2018 Recruitment Program
Are you ready to give outrigger a shot? We welcome you to come out and practice with us in Avila beach starting March 17th, 2018. You'll need to complete your 2018 member registration first. Your first three practices are free and then your yearly dues of $365 are due.
Contact our membership coordinator, Julie, for more information.
Novice Year Overview
Demo days are scheduled on Sundays in Morro Bay between 8:00 a.m.and 12:00 p.m. Pale Kai’s “Three for Free” policy allows newcomers to experience outrigger paddling in the relatively calm waters of Morro Bay, without paying a fee or membership dues. This is a time to become acquainted with the sport and culture of outrigger canoe racing, while you make new friends!
Pale Kai will continue recruitment and begin novice training in mid-March at the official club site in Avila Beach. Initially there will be one practice on the week-end until after the time changes to daylight savings. Then two additional practices are scheduled during the week at approximately 5:00 p.m.
April: Race Traning 3x a week
Race training begins on April 7th, 2018.
Your novice coach will provide the skills training you will need for the upcoming race season. It is important to practice with your team consistently to develop your technique and timing. You will also form new friendships (for no additional fee!).
All paddlers must be proficient swimmers. Before our competitive season begins, you must pass a water safety test that includes huli drills (recovering from an overturned canoe), treading water, as well as a swim test.
May-June: Iron Race Season (6 person crews)
The first official races begin in May. Pale Kai is a member of the Southern California Outrigger Racing Association (SCORA). We compete with other member clubs in SCORA, and our official events take place between San Diego and Santa Barbara. The first five races take place from early May through the end of June. In the novice division, races are approximately 4 to 5 miles and occur in more protected waters than the veteran divisions. Iron races consist of 6 person crews over a set distance, and novice teams may race under men’s, women’s, or co-ed divisions.View SCORA Race Schedule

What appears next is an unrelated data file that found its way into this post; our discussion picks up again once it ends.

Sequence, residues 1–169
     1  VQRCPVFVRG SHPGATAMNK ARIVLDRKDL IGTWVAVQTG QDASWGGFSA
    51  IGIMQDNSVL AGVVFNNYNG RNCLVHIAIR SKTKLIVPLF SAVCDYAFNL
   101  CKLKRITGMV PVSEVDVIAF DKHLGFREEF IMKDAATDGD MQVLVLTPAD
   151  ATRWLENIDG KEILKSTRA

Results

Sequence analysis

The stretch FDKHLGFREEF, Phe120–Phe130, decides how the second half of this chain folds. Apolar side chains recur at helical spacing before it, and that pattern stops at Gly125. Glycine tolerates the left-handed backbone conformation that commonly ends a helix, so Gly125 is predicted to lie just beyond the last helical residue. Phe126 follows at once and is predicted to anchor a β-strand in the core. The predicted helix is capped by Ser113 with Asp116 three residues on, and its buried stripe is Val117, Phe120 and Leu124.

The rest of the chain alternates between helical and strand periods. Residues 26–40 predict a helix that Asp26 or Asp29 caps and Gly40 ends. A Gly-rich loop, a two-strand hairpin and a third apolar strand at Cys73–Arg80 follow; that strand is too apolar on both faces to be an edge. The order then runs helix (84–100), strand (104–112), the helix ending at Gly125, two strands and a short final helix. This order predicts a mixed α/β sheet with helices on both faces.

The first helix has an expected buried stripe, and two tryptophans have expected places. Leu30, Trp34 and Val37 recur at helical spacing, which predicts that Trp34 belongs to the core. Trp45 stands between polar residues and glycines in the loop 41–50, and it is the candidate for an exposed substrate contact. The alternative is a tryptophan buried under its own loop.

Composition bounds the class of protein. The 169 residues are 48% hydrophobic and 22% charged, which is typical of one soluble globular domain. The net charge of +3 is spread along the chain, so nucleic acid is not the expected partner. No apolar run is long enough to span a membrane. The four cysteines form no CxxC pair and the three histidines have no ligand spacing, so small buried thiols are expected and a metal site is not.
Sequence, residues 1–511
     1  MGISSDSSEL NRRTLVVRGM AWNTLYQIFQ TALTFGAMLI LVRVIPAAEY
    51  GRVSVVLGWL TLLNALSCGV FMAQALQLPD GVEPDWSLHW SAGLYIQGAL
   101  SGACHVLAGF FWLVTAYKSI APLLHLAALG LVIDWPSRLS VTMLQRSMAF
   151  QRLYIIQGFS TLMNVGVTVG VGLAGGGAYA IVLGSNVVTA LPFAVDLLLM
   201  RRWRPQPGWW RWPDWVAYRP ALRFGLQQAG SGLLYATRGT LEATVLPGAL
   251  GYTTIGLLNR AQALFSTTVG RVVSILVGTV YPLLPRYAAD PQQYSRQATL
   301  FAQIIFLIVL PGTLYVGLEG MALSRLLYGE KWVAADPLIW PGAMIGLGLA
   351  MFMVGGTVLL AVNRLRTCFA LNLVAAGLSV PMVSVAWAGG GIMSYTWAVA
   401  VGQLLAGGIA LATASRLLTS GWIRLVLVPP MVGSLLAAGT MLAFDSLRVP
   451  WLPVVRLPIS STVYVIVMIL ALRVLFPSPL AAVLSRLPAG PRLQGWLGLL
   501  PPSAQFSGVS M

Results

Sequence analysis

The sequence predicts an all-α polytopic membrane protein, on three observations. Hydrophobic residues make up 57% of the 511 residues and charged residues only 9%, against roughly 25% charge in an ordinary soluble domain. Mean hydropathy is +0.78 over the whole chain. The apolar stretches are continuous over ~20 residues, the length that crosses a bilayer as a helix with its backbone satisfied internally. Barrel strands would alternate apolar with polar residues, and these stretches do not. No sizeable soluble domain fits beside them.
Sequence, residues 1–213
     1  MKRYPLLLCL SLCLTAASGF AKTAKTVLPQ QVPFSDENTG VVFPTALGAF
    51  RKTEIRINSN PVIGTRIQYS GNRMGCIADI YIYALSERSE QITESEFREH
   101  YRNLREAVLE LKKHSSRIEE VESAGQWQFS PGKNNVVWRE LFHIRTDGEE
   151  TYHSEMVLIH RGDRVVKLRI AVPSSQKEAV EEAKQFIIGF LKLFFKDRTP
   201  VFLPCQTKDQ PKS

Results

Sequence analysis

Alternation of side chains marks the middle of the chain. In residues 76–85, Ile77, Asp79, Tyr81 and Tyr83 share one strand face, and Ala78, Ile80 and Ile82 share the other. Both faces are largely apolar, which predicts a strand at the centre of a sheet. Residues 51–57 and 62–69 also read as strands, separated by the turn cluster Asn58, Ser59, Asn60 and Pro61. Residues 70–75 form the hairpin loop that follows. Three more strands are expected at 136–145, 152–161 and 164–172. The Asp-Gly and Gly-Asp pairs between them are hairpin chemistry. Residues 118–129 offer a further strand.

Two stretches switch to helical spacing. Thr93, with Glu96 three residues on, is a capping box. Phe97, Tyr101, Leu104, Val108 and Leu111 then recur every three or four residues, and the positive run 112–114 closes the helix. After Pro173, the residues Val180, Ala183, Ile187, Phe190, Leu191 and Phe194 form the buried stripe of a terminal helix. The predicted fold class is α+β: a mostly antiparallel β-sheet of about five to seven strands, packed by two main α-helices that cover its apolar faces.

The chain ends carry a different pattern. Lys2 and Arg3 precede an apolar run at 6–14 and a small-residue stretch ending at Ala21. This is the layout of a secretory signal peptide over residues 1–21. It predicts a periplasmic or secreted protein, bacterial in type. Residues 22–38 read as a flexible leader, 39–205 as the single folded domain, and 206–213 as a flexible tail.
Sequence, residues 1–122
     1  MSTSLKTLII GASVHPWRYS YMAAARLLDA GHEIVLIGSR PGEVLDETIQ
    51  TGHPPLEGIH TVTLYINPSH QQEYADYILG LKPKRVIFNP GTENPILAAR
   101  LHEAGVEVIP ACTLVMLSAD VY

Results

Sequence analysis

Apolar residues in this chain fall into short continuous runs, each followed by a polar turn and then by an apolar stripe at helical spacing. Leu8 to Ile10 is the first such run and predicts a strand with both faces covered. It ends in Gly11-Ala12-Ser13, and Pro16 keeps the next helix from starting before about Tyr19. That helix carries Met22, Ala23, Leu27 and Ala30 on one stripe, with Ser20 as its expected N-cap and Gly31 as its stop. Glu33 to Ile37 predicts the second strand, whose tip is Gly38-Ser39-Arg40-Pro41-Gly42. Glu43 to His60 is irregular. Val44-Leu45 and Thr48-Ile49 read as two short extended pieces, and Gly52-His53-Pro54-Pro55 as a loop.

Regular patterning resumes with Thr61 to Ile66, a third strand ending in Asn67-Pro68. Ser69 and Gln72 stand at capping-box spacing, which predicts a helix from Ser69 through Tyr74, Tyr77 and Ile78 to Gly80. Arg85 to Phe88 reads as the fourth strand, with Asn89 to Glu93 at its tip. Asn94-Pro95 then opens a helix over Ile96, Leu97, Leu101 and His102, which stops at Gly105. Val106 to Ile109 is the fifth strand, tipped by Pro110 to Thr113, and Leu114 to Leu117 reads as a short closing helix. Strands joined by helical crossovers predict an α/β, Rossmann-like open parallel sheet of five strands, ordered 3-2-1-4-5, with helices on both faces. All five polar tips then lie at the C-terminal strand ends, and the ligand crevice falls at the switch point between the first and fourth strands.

The Iron Season concludes with the championships in San Diego. This highly attended event attracts entrants from all over the state and is a fitting tribute to the outrigger culture. For added fun, novice teams are encouraged to enter the Novice Dance Competition to display their grace and creativity, or just poke fun at themselves in a family friendly environment.
August-September: 9-Man Season
Those Novice who develop proficiency may also be invited to compete in the 9-Man Season. There is no guarantee that as a novice you will participate in nine person crews, due to the increased physical demands and technical skill required to safely perform open water crew changes. The 9-man races are much longer distances than the iron season, from 20 miles to over 30 miles. Paddlers must demonstrate the endurance and proficiency during practice to be considered for a 9-man crew.
The video link below provides a good illustration of the crew rotations that occur at 15-20 minute intervals in the open water, with a canoe moving at race speed and a chase boat to perform the exchange of paddlers in and out of the open ocean. It is a challenging, but exciting experience, and for many paddlers it is the culmination of the sport.
September-January: Winter Paddling
Winter practices will be subject to daylight and weather restrictions and continue at Avila Beach, until the time changes. A few boats will then be re-located to Morro Bay for more protected paddling.
By the time your novice season is over, you will have gained some new skills, increased your fitness levels and made a number of new friends.
Next Level: The World Stage
Outrigger canoe racing takes place all over the world! The Olamau Race sees the best outrigger canoe teams compete off the coast of Hawaii’s Big Island. Ocean knowledge, skill, and perseverance aren’t always enough to succeed, but they can keep you above water. Watch the short below about a Californian team competing in The Olamau Race.